In the Company of Women explains how indirect, or "relational," aggression can hurt women and hinder them from achieving success and harmony in their adult lives. Gender studies have shown that when a goal is in sight, men generally use direct action to attain it. Women, on the other hand, have been socialized to express aggressive actions through indirect means-using behavior such as shunning, stigmatizing, and
With startling insights into the meaning of our everyday behavior, this book offers straightforward techniques to change conflict among women into cooperation by resolving discords peaceably, building relationships, and making the most of women's unique leadership and communication skills.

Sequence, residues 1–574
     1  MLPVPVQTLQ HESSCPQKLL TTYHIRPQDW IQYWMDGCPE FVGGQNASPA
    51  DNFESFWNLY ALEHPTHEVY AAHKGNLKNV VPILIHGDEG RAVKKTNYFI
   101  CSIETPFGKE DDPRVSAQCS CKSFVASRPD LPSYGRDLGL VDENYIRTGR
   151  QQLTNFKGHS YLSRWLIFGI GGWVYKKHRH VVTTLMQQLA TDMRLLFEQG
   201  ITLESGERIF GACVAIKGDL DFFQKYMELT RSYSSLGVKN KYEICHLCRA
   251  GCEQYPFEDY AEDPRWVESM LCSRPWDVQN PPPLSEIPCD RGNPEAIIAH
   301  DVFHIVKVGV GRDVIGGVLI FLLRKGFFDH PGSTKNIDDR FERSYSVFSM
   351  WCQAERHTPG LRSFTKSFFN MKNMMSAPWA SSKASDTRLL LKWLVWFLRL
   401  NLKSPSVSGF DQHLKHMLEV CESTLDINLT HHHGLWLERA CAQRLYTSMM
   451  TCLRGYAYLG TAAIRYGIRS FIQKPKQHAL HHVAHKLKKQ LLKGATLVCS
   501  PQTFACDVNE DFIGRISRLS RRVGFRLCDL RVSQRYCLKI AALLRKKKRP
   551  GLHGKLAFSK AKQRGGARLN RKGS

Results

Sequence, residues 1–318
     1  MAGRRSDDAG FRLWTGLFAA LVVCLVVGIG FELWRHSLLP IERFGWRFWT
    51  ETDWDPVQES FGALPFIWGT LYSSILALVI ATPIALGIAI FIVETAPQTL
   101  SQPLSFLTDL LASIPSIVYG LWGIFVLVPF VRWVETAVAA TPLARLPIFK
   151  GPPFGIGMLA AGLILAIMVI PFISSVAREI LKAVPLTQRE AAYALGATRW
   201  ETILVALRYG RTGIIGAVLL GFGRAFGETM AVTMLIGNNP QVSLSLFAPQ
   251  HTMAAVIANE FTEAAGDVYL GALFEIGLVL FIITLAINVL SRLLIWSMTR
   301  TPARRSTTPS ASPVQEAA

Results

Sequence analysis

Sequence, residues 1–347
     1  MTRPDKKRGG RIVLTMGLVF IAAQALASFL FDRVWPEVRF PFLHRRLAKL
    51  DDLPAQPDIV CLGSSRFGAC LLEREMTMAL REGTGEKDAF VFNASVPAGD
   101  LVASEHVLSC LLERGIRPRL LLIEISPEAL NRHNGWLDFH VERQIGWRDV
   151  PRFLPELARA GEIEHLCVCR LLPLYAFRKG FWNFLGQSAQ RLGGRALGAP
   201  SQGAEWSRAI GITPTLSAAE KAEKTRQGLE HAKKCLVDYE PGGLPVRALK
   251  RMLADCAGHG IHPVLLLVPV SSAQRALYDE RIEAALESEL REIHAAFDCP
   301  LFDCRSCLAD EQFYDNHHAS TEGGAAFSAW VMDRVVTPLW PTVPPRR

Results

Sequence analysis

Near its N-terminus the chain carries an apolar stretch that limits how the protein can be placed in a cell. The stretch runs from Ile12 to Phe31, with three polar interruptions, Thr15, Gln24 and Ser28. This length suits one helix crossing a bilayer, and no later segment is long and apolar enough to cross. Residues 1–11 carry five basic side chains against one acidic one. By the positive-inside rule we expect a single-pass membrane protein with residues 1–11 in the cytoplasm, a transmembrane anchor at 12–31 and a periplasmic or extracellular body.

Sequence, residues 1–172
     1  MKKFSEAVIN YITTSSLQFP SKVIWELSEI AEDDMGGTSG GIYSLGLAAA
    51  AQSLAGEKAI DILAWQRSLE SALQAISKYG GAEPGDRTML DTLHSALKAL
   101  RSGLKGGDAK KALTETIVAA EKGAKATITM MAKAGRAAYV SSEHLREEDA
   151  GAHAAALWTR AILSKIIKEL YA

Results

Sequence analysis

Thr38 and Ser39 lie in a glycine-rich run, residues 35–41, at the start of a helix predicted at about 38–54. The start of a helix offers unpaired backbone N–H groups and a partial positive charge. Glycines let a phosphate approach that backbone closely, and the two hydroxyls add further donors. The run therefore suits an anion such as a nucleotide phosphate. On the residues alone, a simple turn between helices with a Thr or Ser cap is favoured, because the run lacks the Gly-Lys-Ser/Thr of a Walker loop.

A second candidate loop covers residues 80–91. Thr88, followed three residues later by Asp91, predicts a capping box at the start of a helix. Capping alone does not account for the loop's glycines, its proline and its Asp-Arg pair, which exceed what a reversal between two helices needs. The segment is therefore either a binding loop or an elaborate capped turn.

Now that women own nearly 50% of all businesses, the authors reason, women's worst enemies at work are just as likely to be other women. To support their thesis, which may offend some readers but will also generate attention, the authors both business consultants address differences between women's and men's behaviors. Declaring that women should be more conscious of their reaction if other women try to undermine a promotion or honor coming their way, they suggest, "that's the price we have to pay for the strong alliances we make with other women." This provocative, practical book deserves a wide readership.